So, with quick, angry strides, Hermione went to the door, grabbed hold of the knob, spun it, and pushed the door inward. Its frame knocked hard against the side of a nearby bookshelf with the force of her push. Her wand gripped in her right hand, she stomped into the room.

Lucius was standing in front of one of his six bookshelves, his upper half twisted partially to face the door. He was holding a book in a red leather casing aloft with the intention to return it to its spot on the bookshelf, and his eyebrows were lifted and his mouth parted in surprise.

"Miss Granger?" he began, sounding as startled as he looked. "How did you –"

"Hello, Legolas," she greeted with a sneer.

If Hermione wasn't so angry, she might have appreciated how quickly Lucius could drain his face of all expression. The familiar impassive mask returned, and any remaining doubts that she'd been wrong, that Lucius Malfoy could never be Legolas evaporated.

She inhaled as if she'd not done so in years, and if it were possible, she got even more furious.

"So, it's true, then?" she demanded. "You're Legolas?"

He looked away from her, placed the red leather book in its spot, and then turned to face her fully.

"You don't seem pleased with this prospect," he answered.

Her sneer fell away and a scowl took its place. "What do you think, Mr Malfoy? Tell me how you'd like it if you found out that all along someone was purposely trying to fool you into thinking they were someone they were not, and that they'd actually succeeded?"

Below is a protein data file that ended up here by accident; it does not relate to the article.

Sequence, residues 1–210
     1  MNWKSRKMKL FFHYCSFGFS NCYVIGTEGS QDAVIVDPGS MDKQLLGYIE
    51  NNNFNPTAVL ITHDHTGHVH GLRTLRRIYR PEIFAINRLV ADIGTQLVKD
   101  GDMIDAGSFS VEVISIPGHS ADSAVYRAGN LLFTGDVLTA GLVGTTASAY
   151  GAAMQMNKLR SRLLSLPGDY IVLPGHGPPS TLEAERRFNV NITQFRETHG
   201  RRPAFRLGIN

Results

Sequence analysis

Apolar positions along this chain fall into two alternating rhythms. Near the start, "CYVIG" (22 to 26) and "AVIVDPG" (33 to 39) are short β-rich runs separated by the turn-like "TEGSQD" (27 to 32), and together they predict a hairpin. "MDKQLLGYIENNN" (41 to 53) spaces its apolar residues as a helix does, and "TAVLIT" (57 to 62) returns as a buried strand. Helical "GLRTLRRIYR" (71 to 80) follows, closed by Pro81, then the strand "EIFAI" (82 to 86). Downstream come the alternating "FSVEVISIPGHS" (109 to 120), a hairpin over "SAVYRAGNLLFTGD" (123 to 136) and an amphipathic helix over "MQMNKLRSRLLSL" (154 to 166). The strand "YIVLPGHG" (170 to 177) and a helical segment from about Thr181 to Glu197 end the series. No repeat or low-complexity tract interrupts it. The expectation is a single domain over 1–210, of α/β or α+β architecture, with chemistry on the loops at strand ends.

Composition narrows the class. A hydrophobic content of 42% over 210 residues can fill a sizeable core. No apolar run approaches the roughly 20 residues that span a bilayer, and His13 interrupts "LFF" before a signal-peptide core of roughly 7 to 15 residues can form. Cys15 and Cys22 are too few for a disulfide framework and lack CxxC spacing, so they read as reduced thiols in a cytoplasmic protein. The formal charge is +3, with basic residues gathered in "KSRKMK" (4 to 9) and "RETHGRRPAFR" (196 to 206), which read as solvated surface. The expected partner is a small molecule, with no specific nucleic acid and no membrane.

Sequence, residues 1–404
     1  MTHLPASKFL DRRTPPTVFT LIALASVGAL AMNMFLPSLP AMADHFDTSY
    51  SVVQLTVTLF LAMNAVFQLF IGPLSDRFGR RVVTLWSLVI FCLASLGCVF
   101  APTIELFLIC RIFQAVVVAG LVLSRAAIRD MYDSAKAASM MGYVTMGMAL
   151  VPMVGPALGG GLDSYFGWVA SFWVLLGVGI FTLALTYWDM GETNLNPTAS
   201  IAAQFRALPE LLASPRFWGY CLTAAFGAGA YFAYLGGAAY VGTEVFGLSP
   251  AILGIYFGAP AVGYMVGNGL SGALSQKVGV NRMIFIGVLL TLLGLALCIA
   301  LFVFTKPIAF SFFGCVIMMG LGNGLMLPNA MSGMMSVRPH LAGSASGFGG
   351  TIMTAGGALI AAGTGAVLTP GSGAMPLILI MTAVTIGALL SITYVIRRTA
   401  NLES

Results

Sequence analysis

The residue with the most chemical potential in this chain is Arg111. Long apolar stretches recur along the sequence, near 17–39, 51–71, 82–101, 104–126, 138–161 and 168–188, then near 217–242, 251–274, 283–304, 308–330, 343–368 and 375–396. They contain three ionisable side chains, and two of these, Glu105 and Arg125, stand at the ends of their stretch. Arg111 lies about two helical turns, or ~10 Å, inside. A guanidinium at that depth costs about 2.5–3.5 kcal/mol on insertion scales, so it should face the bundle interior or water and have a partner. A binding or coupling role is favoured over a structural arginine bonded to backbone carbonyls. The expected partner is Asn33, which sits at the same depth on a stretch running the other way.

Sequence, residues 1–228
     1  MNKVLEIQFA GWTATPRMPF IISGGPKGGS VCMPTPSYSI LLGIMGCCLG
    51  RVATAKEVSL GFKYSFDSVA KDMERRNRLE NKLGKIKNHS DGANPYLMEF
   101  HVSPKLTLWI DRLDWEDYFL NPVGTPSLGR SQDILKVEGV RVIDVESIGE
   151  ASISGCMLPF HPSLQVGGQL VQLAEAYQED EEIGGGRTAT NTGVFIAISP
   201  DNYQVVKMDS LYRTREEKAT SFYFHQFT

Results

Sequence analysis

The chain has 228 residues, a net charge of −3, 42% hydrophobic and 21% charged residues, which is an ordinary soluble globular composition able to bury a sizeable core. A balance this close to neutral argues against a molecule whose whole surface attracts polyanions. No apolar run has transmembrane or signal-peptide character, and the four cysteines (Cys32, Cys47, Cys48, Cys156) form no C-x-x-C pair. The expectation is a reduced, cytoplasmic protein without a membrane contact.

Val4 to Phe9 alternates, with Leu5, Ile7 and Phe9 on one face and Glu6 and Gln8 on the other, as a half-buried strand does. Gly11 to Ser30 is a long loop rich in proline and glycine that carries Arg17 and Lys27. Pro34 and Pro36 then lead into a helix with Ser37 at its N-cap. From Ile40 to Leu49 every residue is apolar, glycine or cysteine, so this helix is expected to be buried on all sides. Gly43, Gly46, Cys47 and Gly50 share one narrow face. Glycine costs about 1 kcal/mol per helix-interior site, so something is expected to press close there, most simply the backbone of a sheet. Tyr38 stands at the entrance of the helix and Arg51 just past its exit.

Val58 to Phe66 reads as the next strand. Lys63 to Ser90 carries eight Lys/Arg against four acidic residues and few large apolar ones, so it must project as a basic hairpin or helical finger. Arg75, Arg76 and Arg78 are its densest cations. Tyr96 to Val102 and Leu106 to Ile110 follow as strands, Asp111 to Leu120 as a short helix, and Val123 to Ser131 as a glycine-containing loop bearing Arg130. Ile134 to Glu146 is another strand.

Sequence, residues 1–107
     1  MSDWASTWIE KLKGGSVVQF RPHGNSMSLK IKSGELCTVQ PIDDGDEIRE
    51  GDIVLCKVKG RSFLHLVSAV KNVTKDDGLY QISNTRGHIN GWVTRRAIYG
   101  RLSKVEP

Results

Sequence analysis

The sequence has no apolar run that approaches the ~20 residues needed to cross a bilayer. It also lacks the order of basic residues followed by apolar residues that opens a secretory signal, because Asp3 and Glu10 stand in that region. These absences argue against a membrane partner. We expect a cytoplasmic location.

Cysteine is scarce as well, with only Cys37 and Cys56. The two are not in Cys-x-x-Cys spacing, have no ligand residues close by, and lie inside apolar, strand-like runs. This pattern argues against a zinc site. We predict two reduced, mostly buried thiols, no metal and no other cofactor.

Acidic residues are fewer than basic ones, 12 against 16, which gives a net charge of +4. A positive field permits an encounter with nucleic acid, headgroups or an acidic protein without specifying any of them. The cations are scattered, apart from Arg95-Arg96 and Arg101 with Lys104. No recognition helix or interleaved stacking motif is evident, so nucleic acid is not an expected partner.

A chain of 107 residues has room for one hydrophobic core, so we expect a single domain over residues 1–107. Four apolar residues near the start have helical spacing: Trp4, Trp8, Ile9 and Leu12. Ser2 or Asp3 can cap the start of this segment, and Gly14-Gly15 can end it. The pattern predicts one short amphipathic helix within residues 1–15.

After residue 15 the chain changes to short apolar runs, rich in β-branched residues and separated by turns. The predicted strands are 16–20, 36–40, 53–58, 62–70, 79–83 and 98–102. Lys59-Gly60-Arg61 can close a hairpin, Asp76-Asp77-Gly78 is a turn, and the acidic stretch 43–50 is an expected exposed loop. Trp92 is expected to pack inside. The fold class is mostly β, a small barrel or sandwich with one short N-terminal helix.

His expressionless mask weakened and revealed a bit of uncertainty.

Quietly, "I had no intention to fool you, Hermione."

She gripped her wand even tighter, and her scowl deepened.

"Is that right?" she said in gentle tones that belied her rage. "Well, on my side of the fence it looks a lot like that was your very intention, Lucius."

He opened his mouth to speak but she cut him off.

"I mean," she continued, voice still deceptively soft, "we aren't strangers. No, we've already seen to that over a week ago, haven't we? So if your intentions had been honest, why not tell me who you were? Why hide behind a fake name and fake characteristics?"

"I wanted –" he began.

"– to keep me ignorant?" she supplied in steely tones, softness gone now. "That's a given. But I'm still wondering why? Perhaps a game? A bit bored with your life? Needed some entertainment, so you thought, 'I should have a go at that stupid Granger twit. Pretend I fancy her for a bit. Maybe even set Draco up to it too.'?"

His eyes had darkened, his mouth had thinned, and one side of his jaw kept ticking as if he was grinding down intermittently on his teeth. She didn't really care. He was probably angry she'd found out his true motive. She'd been grasping at straws but his reaction was proof that her guesses were right. The evil sodding git.

"I thought you were intelligent," he said coldly. "In actuality, you are abysmally dim-witted. Or blind. One or both of the two."

"I agree," she retorted. "I was too stupid to have trusted you, and too blind to have seen you for what you really are: a manipulative, deceitful bastard!"